Truth was, Ginny Weasley had become rather attractive over the past four years. He usually didn't take much notice of her; she was just there, like Ron, and Hermione, and Dean and Seamus and Lavender and Parvati were all just there when they were at Hogwarts. They were Gryffindors. They were family.
Today was a little different. With Ron and Hermione so obviously dancing some kind of animal kingdom pre-mating ritual, he felt as if the group had been divided somewhat differently today, with Ron and Hermione on one side and himself and Ginny on the other. It was . . . strange, but not uncomfortable. Ginny glanced up, noticed him watching her and crossed her eyes at him. He grinned and took another swallow of butterbeer, nearly draining the bottle.
The room seemed to be growing warmer, and he imagined it was because he was having unusual thoughts about Ginny. He ran his hand across his forehead and discovered he had broken out into a sweat. As he looked down at his hand, his vision seemed to blur a bit, and he began to feel nauseous.
He looked up again. Ginny was watching him worriedly.
"Harry, are you okay? You look a little pale."
Her voice sounded far away, and he felt he had to strain to hear her. He tried to focus on her face, but his vision hadn't cleared up; it seemed as if the room was getting darker.
"Harry, you really don't look so good." Ginny reached her hand over and touched his own.
Harry noticed that her skin felt much warmer than his did. His stomach clenched suddenly, and Harry wondered if he would make it to a lavatory before losing the contents of his stomach. When he slid down from his stool, Ginny slid off of hers, too, and stood beside him, placing a hand on his arm as if to brace him. He noticed Ron and Hermione had stopped talking and were staring at him now as well.
"I think I may be ill," he told them. He grabbed the chair beside him as a wave of dizziness washed over him. It felt as if the entire world had tilted. Ginny tightened her grasp on his arm.
Harry tried to take a step forward and suddenly felt as if he had been dropped into an icy lake. He was freezing, and he couldn't draw in a breath, as if his lungs had collapsed from the sudden cold. He stumbled into Ginny and grasped at her arms in an attempt to steady himself. He looked into her eyes; she appeared to be horrified.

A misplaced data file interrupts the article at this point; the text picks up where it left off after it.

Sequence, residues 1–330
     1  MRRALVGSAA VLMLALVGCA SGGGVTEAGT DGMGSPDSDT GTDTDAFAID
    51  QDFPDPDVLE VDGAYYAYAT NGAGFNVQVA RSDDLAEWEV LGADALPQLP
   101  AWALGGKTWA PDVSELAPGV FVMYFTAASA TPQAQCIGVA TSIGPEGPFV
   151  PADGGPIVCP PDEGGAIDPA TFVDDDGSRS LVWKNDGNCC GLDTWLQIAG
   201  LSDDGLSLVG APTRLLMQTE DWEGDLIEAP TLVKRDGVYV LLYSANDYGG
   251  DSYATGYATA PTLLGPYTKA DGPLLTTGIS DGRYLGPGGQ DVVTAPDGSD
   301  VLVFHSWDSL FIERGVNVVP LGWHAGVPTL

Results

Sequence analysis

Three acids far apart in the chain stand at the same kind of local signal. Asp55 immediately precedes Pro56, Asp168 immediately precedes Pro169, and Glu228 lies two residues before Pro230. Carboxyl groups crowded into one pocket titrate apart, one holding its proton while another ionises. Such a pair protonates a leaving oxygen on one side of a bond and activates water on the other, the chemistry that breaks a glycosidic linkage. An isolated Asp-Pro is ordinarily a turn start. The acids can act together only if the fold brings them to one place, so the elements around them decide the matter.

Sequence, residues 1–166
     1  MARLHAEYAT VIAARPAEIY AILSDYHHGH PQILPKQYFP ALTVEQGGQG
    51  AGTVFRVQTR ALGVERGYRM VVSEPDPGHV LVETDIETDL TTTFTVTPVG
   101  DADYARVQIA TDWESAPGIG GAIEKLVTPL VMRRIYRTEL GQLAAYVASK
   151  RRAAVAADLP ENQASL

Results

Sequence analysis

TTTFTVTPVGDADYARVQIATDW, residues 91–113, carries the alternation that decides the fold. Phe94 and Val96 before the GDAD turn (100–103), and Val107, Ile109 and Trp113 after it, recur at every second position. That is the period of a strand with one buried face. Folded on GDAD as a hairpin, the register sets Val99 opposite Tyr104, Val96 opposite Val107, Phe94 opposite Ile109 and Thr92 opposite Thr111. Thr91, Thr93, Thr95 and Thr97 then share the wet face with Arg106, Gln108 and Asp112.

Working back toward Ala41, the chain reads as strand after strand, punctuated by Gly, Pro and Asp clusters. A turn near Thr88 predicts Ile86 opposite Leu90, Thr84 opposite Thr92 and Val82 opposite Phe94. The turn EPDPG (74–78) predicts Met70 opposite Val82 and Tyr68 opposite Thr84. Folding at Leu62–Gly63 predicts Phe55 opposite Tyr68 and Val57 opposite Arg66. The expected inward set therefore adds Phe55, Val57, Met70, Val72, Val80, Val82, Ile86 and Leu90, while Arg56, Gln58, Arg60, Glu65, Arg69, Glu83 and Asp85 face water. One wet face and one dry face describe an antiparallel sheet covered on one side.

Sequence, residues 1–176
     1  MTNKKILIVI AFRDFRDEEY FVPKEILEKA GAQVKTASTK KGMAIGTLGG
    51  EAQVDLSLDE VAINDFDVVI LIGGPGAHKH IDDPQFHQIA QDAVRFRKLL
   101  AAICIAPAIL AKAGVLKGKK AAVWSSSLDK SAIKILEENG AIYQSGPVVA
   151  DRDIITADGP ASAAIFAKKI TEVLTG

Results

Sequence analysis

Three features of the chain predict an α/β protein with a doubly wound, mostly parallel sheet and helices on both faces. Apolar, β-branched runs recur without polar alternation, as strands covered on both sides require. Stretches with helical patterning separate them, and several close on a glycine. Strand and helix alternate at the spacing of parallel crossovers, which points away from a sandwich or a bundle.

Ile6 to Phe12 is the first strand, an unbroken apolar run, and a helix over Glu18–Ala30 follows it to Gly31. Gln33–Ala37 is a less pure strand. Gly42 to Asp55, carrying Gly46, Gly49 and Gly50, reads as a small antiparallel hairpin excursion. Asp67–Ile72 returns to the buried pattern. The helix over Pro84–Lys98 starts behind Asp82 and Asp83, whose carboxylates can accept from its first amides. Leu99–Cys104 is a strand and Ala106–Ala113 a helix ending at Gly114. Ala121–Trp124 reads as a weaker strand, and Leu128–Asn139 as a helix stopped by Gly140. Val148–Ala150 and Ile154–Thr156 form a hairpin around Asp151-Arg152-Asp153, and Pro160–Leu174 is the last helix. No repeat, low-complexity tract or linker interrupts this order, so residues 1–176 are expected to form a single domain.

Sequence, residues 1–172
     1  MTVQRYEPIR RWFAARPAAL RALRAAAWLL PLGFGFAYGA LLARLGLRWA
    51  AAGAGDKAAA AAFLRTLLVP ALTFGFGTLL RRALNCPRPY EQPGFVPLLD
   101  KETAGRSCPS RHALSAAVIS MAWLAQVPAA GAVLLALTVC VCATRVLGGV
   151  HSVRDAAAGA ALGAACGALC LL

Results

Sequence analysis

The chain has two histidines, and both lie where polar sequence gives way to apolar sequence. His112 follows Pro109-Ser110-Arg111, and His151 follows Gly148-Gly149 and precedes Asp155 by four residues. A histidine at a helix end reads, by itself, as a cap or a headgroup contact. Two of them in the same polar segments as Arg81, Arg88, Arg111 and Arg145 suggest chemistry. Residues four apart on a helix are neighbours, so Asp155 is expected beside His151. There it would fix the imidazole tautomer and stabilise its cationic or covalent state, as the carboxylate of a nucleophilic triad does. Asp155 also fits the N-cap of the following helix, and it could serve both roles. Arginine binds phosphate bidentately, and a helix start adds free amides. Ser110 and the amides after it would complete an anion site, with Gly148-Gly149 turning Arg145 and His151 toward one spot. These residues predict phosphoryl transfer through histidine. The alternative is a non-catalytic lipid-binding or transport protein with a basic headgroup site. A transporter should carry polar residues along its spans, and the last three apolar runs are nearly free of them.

"Gin . . . help . . . please." He could no longer hold on; his legs buckled under him, and as he collapsed to the floor, he could hear her screaming.
Then the world went black.
11 August, 1996
When Harry awoke, he was in an unfamiliar bed in an unfamiliar room. There were no windows, and there was only one lamp on the nightstand beside the bed. It was lit, but it didn't do much to dispel the darkness in the room.He groaned as he attempted to sit up. His entire body ached as if he had been run over by a train.
"Slowly, Harry. You have been ill for several days." The voice was a familiar one. He turned and saw Albus Dumbledore sitting in a chair next to the bed. The Headmaster appeared weary and seemed to have aged since Harry had last seen him at the leaving feast.
"Ill? I feel like I've been dead."
"In a manner of speaking . . . you have been."
"What? What do you mean?"
"What is the last thing you remember, Harry?"
Harry struggled to reorient himself. His brain felt foggy. Finally, he remembered. "Diagon Alley. Leaky Cauldron. I got sick."
"You were poisoned, Harry. You have been in a near-death sleep for four days. I have much to tell you; I only hope you will be able to forgive me once you have heard it."
"Where are we? Why am I not in hospital? Who poisoned me? Where are Ron and Hermione and Ginny?"
Dumbledore sighed heavily, and Harry grew extremely concerned. The Headmaster was usually lighthearted by nature. The last time Harry had seen him so disheartened was after the fiasco at the Ministry of Magic. After Sirius had died.
"Harry, you are aware of the role that Professor Snape plays for the Order of the Phoenix."
"Several nights ago, the night before your trip to Diagon Alley, Severus came to me. Voldemort had summoned him and commanded him to kill you, Harry. Had he refused outright, Voldemort would have killed him immediately."